Remember This Moment When the Next Financial Crisis Strikes

The New Republic has the article Remember This Moment When the Next Financial Crisis Strikes: The SEC could have fixed our broken rating agencies. It whiffed.

Too much of the financial industry relies on duping investors about the quality of investments. The SEC is supposed to be the first line of defense against that, but has failed in that mission repeatedly in recent years. That feeds skepticism about its seriousness in combating fraud at the rating agencies, especially since it refused to alter the inherently flawed compensation model. As long as the rating agencies get paid by issuers, they’ll have incentives to please them with high ratings.

“There’s a fundamental business incentive for ratings inflation, and there’s got to be something on the other side,” said Marcus Stanley of Americans for Financial Reform. “This rule could do that, but it’s a very tough challenge.”

One commenter on the article had a really brilliant idea.

A small suggestion that would not be susceptible to any regulatory capture: set a formula for fines to be paid by the raters a[t] the payment rate of the securities they rate at any level falls below a certain level. Some explanation of payment rate, 100% would be a bond issue making all interest payments and returning the principal at the maturity date while 0% would be going bankrupt and an intermediate value would be a default and payment of part of the interest and/or principal. The aggregate payment ratio for a rater would be weighted by the value of outstanding securities under its rating.

Higher ratings would have higher requirements for payment ratios. If a rater’s payment ratio for a particular rating fell below the requirement, the fine would be proportional to the total value of securities rated and the size of the shortfall and possibly higher for higher ratings. It should be set just high enough to dwarf any goodwill that the rater could hope to gain with securities issuers through issuing higher than deserved ratings.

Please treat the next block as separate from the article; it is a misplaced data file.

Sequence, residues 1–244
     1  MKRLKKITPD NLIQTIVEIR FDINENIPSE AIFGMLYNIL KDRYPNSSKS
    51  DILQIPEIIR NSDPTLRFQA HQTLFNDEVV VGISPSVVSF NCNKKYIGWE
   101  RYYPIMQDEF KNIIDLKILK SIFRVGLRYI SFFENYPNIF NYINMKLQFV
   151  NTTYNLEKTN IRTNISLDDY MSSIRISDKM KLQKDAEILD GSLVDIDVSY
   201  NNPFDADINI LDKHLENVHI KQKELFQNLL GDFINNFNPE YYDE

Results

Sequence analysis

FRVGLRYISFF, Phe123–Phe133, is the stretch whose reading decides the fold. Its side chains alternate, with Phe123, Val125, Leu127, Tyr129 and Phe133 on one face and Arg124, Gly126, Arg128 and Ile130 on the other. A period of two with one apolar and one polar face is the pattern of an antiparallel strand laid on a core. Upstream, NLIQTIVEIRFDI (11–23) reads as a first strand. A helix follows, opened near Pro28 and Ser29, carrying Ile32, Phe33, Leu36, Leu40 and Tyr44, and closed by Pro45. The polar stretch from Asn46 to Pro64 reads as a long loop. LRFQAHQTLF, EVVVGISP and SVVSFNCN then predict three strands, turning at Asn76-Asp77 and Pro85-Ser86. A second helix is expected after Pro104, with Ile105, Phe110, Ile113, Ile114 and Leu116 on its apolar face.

We know that the raters have an incentive to err, to the least, on the side of giving higher ratings. Instead of relying on inspectors, why not lay out exactly what the consequences are for erring high in their ratings, with no chance to argue for a reduced penalty, and that the consequences of such errors are greater than the benefits of such errors?

This is such a good set of controls that I think it would put an end to all ratings agencies.  I would change it so that this rule only applies to ratings agencies where they are paid by the people whose financial instruments they are rating.  The only way to get out from under these rules would be to have the ratings agency agree to do no business with any entity that it rates.

If a ratings agency has a legitimate need to do business with an entity that it might have to rate, it would just be forced to abstain from rating that entity and publicly say that it abstained.   You wouldn’t be able to find ratings for all entities in one place anymore.  You would have to go to a different agency for a rating of an entity that your favorite source decided to do business with.

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